Scrapping Gettysburg’s Virginia Memorial

Jen Murray’s new book, On a Great Battlefield: The Making, Management, and Memory of Gettysburg National Military Park, 1933-2012, is full of surprises. Yesterday I shared a paragraph from Jen’s book on a plan to hide some of the battlefield monuments with shrubs and other vegetation.

I think most of you will be even more surprised with the steps taken by the Park Service during the Second World War to contribute to the nation’s scarp metal drives.

While the nation prepared for further sacrifices, so, too, did the battlefield. In December 1942 park officials produced a report that grouped the battlefield’s markers and monuments in order of priority for the scrap drives. This report divided the markers into nine groupings, essentially presenting a plan for the dismantling and melting down of many of the memorials and monuments designed and dedicated by the veterans themselves. First priority for removal were the nineteen bronze itinerary tablets. Group two consisted of 197 Civil War cannons and artillery tubes, which marked the headquarters of the generals. Group three included 256 brigade, division, and corps explanatory tablets. Group four consisted of various decorative objects on 250 monuments. The report listed nineteen symbolic statues as the fifth priority for removal. Priority group six comprised 317 bronze inscriptive tablets of regimental or state markers. Reliefs depicting battle scenes or individuals were listed as the seventh priority for removal. The forty-three statues honoring individuals appeared further down on the priority list. This group included the Union corps commanders’ equestrian monuments, as well as the bust of President Lincoln on top of the speech memorial in the Soldiers’ National Cemetery. The final group prioritized for scrap consisted of three monuments, listed for their “highly artistic merit.” Ironically, those monuments commemorated Confederate soldiers and included the Virginia Memorial, the North Carolina Memorial, and the Alabama Memorial. (p. 55)

Luckily such a sacrifice was unnecessary, but I assume many of you are just as surprised as I am that such a plan was even considered. These two posts suggest to me that the Park Service held very different attitudes regarding the importance of battlefield monuments. I wonder if this is something that deserves further exploration.

8 thoughts on “Scrapping Gettysburg’s Virginia Memorial

    1. Kevin Levin Post author

      Hi Eric,

      Thanks for the additional information and the link. Great seeing you in Gettysburg this past week. It would be interesting to explore this moment in NPS history in a bit more detail.

      Reply
  1. Ryan Q.

    I think it is a very interesting topic and I think I would have supported it during WW2. In the end, supporting the landings at Normandy or Okinawa with covering fire would be more important than marking the place where say Wheaton’s brigade spent the night of July 2.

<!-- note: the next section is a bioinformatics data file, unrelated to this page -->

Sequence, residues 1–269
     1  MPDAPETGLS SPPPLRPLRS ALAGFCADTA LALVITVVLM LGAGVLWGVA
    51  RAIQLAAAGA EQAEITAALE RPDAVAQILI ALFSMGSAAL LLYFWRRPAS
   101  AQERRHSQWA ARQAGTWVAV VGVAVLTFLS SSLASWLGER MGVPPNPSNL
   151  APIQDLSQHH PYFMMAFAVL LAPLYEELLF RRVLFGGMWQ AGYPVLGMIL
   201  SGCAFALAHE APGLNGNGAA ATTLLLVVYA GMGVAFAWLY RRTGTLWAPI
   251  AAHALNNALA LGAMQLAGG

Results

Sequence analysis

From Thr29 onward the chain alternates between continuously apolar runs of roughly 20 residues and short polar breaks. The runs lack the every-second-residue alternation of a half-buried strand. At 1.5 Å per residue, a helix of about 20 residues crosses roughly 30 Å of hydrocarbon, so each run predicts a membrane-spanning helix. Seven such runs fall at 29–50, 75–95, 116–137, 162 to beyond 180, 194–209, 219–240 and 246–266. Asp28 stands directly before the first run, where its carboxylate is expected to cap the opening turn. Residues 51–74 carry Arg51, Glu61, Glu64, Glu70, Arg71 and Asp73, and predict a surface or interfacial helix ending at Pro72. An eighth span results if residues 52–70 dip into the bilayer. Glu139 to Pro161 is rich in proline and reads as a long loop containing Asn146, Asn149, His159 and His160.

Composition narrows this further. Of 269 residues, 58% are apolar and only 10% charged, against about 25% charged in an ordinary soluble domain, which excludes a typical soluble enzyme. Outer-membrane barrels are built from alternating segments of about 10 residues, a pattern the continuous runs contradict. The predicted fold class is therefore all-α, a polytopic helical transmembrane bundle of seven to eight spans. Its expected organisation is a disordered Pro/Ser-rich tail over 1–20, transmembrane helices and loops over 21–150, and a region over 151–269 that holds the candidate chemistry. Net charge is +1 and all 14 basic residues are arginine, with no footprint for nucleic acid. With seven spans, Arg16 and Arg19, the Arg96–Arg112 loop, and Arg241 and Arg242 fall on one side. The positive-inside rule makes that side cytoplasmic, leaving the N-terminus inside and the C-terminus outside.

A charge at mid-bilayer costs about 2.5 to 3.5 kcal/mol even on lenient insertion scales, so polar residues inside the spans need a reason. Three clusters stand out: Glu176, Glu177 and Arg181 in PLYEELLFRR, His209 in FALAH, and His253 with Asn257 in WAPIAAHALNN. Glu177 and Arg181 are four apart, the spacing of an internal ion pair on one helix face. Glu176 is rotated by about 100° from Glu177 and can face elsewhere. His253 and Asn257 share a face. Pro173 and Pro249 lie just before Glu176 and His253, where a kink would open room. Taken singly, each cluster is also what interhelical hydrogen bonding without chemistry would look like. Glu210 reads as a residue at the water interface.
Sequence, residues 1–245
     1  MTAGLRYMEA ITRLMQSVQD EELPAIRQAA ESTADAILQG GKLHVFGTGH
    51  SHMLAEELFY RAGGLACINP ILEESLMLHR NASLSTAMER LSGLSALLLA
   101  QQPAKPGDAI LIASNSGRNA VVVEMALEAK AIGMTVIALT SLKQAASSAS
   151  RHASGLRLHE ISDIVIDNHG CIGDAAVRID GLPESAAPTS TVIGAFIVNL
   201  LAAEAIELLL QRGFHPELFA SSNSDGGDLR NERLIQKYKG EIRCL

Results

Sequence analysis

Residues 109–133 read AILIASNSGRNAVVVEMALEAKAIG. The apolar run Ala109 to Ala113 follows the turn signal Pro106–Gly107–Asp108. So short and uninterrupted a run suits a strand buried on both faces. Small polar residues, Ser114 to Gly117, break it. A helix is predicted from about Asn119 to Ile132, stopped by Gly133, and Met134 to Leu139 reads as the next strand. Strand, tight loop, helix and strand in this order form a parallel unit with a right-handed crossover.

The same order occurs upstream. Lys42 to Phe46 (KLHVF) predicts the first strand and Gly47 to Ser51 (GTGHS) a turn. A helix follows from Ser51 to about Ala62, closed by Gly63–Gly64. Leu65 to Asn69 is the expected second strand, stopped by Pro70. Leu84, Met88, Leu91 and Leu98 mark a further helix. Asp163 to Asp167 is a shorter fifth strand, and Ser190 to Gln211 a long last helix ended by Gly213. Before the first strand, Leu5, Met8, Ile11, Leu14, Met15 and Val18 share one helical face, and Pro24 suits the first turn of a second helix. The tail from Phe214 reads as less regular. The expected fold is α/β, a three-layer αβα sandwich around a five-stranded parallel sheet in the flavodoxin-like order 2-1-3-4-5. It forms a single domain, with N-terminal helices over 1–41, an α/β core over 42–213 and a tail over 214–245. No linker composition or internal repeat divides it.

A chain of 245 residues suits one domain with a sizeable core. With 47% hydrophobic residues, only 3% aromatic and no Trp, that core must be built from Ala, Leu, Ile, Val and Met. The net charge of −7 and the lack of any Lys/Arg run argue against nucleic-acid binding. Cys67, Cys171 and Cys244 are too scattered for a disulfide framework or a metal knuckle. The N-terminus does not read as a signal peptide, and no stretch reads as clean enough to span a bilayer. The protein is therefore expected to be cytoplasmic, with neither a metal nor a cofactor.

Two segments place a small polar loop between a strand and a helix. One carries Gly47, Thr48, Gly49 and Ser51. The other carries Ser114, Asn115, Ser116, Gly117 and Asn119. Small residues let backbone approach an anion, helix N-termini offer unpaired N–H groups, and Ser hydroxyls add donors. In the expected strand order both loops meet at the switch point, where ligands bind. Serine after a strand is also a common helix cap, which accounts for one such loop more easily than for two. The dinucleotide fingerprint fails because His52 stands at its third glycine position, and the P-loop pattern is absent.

Reply
  2. Jen Murray

    This is a very interesting era in the NPS administration of GNMP, as well as its other historic sites. The NPS plan to scrap and salvage features of the commemorative landscape was far-reaching. All of this detail did not make it into the book, but I authored a similar piece for “Civil War Times” in August 2011. Other Civil War sites donated to the war’s salvage drive, but none comparable to the volume in which GNMP offers.

    Reply
    1. Kevin Levin Post author

      Hi Jen,

      Thanks for stopping by. I will check out the CWTs essay. Between the shrubs and the scrap metal drives how would you characterize the NPS’s relationship to the monuments? Obviously, the influence of the cultural turn in history is still some years away, but I would have guessed that the Lost Cause crowd identified closely with the monuments or am I wrong about that? It’s such a fascinating book.

      Reply
  3. Dudley Bokoski

    The Battleship Oregon, which dated back to the Spanish-American war, was a museum ship maintained (and highly prized) by the state of Oregon in Portland. When the war came it was decided the Navy would take the ship back for scrap. In the end it wasn’t worth much as scrap and ended up as a munitions barge in Guam. After the war the rest of the hulk was finished off. There are also some drawings of part of the CSS Virginia’s conning toward (not a very large piece but distinctive) half buried in a garden in Richmond. Never found out what became of it, but I’ve often wondered if it, too, ended up going to a war drive. Glad they didn’t follow through in Gettysburg.

    Reply
  4. Jen Murray

    Kevin: I would nearly classify the early NPS administration’s associations to the monuments as an intrusion to the scenic landscape (as evidence by McConaghie’s philosophy of minimizing their appearance). Compared to the War Department administrators, the early NPS administrators found little educational value in the monuments, markers, and itinerary tablets. Too, this reflected the changing visitor demographic and a understanding of the need for a more active, aggressive educational program that aptly substituted for the personal knowledge of the Civil War veterans. Keep reading…and see how the NPS deals with the duality of the Gettysburg landscape later in the 20th century. More surprises to come.

    Reply

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